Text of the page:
The tutoring methodology

 

Learning cogs largeWe have developed a comprehensive approach to tutoring based on work in business coaching, psychology, pedagogy and neuroscience.

The tutoring approach is specifically designed to promote a strong tutoring relationship between the tutor and the student, and then to find the right balance between guiding the student and providing them with opportunities to explore and express agency.

This balance is different for every student, it changes as tutoring progresses, and it can change with age.

Tutors learn techniques to follow this basic overall (cyclical) process:

  • Relate – Tutors make a positive first impression with students, ensuring they understand that the tutor is there to help them with whatever they want or need to focus on to improve their experience of school. Sometimes we work with students who don’t initially want tutoring. But often this is because of the student’s expectations of what tutoring involves, and a tutor can quickly overcome this fear in the first session.
  • Explore – Tutor and student explore the student’s experience of school, and find a way to establish a vision for the future. This might result in some written goals. Either way the student and tutor will establish a sense of agreement about why tutoring is happening, and where they hope to go over the duration of the relationship.
  • Organise – The tutor will assess the student’s understanding of what is required in school. This starts with a list of due dates for internal and external assessments. School is a closed system, where the criteria for success are clearly stated. Students (and parents) can make great gains by understanding how the school system operates, whether that is Cambridge or NCEA.
  • Deliver – By this stage tutor and student have a sense of trust in the relationship, they understand what is motivating the student to attend tutoring, and they know what assessments are due and when. In the deliver phase the tutor implements a range of tutoring techniques to address any areas where the student needs to develop. This may include an initial assessment, developing a plan of action, and then utilising some of the techniques mentioned above. This phase of tutoring usually lasts the longest.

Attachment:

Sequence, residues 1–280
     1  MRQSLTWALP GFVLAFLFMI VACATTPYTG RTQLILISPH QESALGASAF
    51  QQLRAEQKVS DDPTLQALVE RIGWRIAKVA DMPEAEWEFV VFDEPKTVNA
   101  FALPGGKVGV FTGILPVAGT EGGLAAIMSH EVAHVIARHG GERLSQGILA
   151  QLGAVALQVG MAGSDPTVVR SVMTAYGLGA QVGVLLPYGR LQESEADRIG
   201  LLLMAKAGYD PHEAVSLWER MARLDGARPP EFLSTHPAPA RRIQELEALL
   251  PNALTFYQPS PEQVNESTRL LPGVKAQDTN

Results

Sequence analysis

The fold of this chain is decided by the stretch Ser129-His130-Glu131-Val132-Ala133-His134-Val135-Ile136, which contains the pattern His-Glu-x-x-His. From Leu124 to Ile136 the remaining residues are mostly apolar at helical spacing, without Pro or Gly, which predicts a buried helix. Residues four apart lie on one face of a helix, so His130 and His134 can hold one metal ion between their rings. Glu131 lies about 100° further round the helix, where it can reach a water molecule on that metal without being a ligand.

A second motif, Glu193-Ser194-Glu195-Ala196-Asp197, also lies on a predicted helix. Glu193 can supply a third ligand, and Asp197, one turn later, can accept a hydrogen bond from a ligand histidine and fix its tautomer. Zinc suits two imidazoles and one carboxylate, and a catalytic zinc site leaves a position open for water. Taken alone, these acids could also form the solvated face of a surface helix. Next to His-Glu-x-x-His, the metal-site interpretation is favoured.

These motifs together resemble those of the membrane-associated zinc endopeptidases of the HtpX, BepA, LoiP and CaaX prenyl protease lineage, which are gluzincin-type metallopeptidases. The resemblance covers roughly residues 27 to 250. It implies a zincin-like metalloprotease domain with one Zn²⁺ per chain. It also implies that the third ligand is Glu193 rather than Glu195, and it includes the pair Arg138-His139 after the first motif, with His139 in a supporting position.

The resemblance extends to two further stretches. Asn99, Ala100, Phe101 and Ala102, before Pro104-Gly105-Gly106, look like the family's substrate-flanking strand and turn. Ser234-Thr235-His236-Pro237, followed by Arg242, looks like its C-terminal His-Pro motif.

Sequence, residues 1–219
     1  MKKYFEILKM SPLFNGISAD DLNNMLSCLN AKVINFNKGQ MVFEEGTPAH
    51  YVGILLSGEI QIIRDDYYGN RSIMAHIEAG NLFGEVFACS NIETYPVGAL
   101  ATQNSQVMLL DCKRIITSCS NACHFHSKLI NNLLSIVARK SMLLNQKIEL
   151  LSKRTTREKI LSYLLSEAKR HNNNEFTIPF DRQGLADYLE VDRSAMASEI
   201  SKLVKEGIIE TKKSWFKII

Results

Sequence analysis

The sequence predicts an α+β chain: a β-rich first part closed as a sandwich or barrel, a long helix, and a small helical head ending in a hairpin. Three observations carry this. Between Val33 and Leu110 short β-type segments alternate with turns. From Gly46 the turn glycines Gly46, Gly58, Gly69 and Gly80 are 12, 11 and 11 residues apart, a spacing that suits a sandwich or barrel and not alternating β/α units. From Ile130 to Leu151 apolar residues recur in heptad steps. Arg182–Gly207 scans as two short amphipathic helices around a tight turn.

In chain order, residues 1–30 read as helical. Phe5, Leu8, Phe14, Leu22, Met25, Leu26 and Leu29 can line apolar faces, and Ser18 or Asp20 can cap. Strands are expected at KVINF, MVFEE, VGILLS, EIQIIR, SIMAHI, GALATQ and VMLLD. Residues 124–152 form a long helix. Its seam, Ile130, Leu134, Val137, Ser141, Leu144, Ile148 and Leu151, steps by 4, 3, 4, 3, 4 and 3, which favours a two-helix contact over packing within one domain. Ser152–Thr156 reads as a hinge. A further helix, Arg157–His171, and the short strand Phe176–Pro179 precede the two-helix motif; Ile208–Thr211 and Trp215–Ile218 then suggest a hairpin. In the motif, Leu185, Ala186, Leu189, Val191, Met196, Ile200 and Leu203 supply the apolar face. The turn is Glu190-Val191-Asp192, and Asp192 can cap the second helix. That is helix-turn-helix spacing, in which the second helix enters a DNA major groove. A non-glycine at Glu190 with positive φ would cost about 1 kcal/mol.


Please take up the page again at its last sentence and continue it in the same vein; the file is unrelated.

• Reassess – This phase of the tutoring process involves continuing to explore the student’s experience of school, and testing it against earlier discussions. Reassessing may happen more or less often depending on how the student is progressing. If a student is not making progress, and is not enjoying tutoring then reassessment will uncover this. At this stage the process may begin again, or return to Deliver if any issues are easily identified.

Usually this process will run smoothly and the Deliver phase will take up the bulk of tutoring. In any one session however the tutor will return to aspects of earlier phases, for example they might ask the student to reflect on their progress over the past month or two. This touches on Explore and helps solidify the tutor-student relationship.

Tutors will often finish the year with Reassess. Many students benefit from regular work with a tutor, in the same way that musicians will continue to work with music teachers for many years. This is one reason why we decided to move to a one off Relationship Fee – because it doesn’t make sense to continue to take a cut of the tutor’s earnings for many years. We have identified that the value that we offer resides in providing training for tutors, and a meeting place to help parents work with well-trained tutors.